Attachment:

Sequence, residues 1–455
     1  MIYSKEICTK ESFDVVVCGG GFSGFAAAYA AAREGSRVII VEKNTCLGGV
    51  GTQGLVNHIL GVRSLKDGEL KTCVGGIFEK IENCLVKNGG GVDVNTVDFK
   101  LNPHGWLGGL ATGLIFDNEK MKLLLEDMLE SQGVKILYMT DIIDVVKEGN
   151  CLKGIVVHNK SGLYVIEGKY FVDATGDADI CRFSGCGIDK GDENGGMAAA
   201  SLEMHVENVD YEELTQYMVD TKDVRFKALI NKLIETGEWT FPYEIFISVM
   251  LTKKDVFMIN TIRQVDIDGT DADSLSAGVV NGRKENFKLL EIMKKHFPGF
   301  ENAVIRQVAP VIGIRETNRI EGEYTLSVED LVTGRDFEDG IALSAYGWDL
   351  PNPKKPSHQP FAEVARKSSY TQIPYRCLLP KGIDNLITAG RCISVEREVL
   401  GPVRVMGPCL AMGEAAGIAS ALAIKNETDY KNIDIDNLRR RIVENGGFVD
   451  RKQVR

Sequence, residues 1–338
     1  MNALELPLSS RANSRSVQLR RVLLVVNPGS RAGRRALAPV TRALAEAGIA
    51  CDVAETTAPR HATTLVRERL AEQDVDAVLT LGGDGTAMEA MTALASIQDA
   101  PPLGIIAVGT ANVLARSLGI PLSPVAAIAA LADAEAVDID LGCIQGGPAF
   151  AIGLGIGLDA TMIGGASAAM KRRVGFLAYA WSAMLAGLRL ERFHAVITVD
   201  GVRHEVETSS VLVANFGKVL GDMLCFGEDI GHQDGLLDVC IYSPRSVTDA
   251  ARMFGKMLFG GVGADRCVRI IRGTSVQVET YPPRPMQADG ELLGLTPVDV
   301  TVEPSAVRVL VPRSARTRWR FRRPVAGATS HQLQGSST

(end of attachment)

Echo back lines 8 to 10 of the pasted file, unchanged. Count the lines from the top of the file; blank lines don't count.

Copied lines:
   301  ENAVIRQVAP VIGIRETNRI EGEYTLSVED LVTGRDFEDG IALSAYGWDL
   351  PNPKKPSHQP FAEVARKSSY TQIPYRCLLP KGIDNLITAG RCISVEREVL
   401  GPVRVMGPCL AMGEAAGIAS ALAIKNETDY KNIDIDNLRR RIVENGGFVD